"It doesn't have to be much! Maybe just a blouse, or a nice scarf," Elle says, and her eyes start gleaming. "Maybe upgrade the eyeshadow, too. Your foundation is too pale, it's making you look sallow. Try Maybelline's "Medium Porcelain" shade. Then again, I'm not an expert. Talk to an actual makeup artist."
Enid has never even heard of Maybelline. It's nothing more than a capitalist plot to get her working for the corporate machine, no doubt. All the same, she's curious. Elle is in her element, and Enid wants desperately to be taken seriously. Maybe it is time for a makeover.
"Any fashion advice for me, Elle?" she asks casually.
Elle looks like Christmas came early, then takes Enid's face in her hand for a second.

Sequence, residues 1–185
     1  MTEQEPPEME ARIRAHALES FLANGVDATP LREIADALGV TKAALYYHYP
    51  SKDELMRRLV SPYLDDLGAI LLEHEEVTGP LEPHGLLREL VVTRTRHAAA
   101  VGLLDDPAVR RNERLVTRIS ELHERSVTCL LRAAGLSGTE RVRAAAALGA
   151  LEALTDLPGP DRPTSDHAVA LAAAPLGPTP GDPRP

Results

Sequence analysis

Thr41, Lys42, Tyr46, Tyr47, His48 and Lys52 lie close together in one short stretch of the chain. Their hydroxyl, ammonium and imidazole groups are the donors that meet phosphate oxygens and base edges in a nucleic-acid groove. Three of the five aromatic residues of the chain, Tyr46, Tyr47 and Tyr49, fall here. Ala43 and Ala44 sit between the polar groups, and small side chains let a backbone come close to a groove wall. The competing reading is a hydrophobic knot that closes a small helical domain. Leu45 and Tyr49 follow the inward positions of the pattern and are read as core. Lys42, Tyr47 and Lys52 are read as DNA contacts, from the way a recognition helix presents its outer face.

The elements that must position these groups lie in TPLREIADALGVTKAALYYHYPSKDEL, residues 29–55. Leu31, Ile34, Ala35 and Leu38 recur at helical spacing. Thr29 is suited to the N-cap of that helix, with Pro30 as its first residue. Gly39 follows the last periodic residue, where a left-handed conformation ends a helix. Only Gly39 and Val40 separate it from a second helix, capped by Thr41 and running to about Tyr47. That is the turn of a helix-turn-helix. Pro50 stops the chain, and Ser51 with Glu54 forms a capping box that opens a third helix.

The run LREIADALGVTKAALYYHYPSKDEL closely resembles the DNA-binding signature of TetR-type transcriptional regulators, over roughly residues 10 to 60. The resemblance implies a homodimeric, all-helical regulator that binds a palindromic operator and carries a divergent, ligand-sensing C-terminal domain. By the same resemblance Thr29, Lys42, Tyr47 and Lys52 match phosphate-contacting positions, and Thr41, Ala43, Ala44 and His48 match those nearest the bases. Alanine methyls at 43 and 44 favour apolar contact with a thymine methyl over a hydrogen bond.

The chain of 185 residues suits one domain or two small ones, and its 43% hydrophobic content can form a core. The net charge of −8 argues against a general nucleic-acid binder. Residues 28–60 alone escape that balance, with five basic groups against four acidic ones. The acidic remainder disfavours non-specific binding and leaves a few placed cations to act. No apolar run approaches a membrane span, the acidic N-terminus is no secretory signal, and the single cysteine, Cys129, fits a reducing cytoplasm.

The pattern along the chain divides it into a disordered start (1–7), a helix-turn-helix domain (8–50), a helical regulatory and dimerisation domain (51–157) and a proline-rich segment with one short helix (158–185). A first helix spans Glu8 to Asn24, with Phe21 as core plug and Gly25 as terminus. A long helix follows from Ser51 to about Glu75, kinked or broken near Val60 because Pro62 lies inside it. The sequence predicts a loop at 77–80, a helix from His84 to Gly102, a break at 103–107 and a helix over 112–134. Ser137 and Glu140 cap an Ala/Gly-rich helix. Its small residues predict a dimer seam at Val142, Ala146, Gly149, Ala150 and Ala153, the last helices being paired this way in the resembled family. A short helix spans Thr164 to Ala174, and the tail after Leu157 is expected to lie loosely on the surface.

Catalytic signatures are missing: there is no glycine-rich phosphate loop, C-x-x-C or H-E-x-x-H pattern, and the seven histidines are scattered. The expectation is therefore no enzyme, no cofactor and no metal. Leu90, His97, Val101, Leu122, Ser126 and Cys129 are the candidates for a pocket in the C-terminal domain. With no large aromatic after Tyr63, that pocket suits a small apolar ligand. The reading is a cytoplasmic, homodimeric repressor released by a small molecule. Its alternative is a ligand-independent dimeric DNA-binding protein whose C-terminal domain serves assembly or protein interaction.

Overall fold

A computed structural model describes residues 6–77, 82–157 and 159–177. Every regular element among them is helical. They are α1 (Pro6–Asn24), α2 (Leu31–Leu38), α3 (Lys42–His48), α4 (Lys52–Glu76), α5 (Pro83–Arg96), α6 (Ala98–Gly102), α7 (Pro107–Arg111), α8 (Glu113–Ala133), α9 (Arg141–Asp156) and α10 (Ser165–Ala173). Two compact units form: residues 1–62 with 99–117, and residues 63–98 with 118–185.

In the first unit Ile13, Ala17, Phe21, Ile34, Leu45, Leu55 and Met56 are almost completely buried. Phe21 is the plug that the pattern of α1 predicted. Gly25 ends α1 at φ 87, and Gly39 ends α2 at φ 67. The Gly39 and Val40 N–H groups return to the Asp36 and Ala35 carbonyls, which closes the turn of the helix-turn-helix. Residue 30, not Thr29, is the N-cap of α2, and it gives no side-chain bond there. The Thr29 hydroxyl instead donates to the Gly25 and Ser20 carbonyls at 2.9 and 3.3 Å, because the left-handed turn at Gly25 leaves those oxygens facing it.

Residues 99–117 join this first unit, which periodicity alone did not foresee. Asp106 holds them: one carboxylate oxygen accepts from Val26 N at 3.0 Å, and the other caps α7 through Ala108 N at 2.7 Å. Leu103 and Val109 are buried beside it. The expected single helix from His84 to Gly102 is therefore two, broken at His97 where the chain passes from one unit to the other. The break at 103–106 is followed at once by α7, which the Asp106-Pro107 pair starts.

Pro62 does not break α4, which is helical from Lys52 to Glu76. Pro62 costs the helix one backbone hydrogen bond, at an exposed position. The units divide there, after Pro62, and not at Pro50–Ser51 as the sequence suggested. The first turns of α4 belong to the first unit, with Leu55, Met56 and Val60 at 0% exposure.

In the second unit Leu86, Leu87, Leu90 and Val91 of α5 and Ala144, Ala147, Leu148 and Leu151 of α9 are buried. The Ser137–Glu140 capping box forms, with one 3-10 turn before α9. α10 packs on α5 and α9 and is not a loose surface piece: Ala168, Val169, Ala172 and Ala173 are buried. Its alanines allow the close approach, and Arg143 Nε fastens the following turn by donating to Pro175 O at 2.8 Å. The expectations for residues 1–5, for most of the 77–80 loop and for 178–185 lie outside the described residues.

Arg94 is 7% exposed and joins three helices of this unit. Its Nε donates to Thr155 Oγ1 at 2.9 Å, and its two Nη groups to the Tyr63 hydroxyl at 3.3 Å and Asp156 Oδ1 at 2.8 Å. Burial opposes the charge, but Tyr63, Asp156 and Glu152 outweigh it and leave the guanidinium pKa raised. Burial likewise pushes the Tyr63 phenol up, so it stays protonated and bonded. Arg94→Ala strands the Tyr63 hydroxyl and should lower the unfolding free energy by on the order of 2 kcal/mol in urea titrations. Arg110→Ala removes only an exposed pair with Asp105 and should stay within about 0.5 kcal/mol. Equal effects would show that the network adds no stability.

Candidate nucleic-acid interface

"Lose the pigtail braids," she snaps. "They make you look twelve."
"They're easy to manage," Enid defends herself. She started doing the braids in the Peace Corps, and she likes them the way they are.
"If you want easy to manage, cut your hair short," Elle offers. "You'd look great with short hair. Wouldn't she look great with short hair, Vivian?"
Vivian nods uncertainly, and Elle takes that as confirmation.
"See that, Enid? The ladies won't be able to resist you with a new haircut."
Enid doesn't like hair salons, as a rule, but Paulette is a decent conversationalist and is considering donating to animal shelters, while Elle hops up on the counter and carries on a near-constant conversation. Enid barely notices the scissors and clippers attacking her hair until Paulette triumphantly announces "done!"
Enid squints at herself in the mirror, and sees a vaguely Enid-shaped blur. There's another pink blur squealing with delight, and a silent navy blue blur staring at her.